On Friends and Foes

I am no Homer's hero you all know;
I profess not generosity to a foe.
My generosity is to my friends,
That for their friendship I may make amends.
The generous to enemies promotes their ends,
And becomes the enemy and betrayer of his friends.

Anger and wrath my bosom rends:
I thought them the errors of friends.
But all my limbs with warmth glow:
I find them the errors of the foe.

If you play a game of chance, know, before you begin,
If you are benevolent you will never win.

Of Hayley's birth
Of H--'s birth this was the happy lot:
His mother on his father him begot.

On Hayley
To forgive enemies H-- does pretend,
Who never in his life forgave a friend,
And when he could not act upon my wife
Hired a villain to bereave my life.

To Hayley
Thy friendship oft has made my heart to ache:
Do be my enemy -- for friendship's sake.
On Hayley's Friendship
When H--y finds out what you cannot do,
That is the very thing he'll set you to;
If you break not your neck, 'tis not his fault;
But pecks of poison are not pecks of salt.

On Hayley the Pickthank
I write the rascal thanks, till he and I
With thanks and compliments are quite drawn dry.

My title as a genius thus is prov'd:
Not prais'd by Hayley, nor by Flaxman lov'd.

To Flaxman
You call me mad, 'tis folly to do so,
To seek to turn a madman to a foe.
If you think as you speak, you are an ass;
If you do not, you are but what you was.

To Flaxman
I mock thee not, though I by thee am mockèd;
Thou call'st me madman, but I call thee blockhead.

To Nancy Flaxman
How can I help thy husband's copying me?
Should that make difference 'twixt me and thee?

To Flaxman and Stothard
I found them blind: I taught them how to see;
And now they know neither themselves nor me.
'Tis excellent to turn a thorn to a pin,
A fool to a bolt, a knave to a glass of gin.
To Stothard
You all your youth observ'd the golden rule,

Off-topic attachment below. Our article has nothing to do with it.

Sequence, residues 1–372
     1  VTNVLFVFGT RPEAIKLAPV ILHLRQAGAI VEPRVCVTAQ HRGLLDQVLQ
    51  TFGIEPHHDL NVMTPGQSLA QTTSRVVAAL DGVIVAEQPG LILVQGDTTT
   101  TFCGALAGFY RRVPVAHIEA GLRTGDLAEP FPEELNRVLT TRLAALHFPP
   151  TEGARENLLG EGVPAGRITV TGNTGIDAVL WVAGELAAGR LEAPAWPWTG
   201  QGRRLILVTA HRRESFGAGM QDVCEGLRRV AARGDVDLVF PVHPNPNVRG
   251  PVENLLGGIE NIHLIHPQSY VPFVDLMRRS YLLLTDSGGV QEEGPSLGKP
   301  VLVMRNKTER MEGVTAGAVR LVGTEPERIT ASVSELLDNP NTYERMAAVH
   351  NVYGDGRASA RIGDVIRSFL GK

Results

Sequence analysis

Till you're at last become the golden fool:
I sport with fortune, merry, blithe and gay,
Like to the lion sporting with his prey.
Take you the hide and horns which you may wear,
Mine is the flesh -- the bones may be your share.

Cromek speaks
I always take my judgement from a fool
Because his judgement is so very cool;
Not prejudiced by feelings great or small,
Amiable state! he cannot feel at all.

On Stothard
You say reserve and modesty he has,
Whose heart is iron, his head wood, and his face brass.
The fox, the owl, the beetle, and the bat
By sweet reserve and modesty get fat.

On Stothard
S--, in childhood, on the nursery floor,
Was extreme old and most extremely poor;
He has grown old, and rich, and what he will;
He is extreme old, and extreme poor still.

Mr. Stothard to Mr. Cromek
For Fortune's favours you your riches bring,
But Fortune says she gave you no such thing
Why should you be ungrateful to your friends,--
Sneaking and backbiting, and odds and ends?

Mr. Cromek to Mr. Stothard
Fortune favours the brave, old proverbs say;
But not with money; that is not the way.
Turn back! turn back! you travel all in vain;
Turn through the iron gate down Sneaking Lane.
On Cromek
Cr--loves artists as he loves his meat:
He loves the Art; but 'tis the art to cheat.

On Cromek
A petty sneaking knave I knew--
O! Mr. Cr--, how do ye do?

  By PanEris using Melati.

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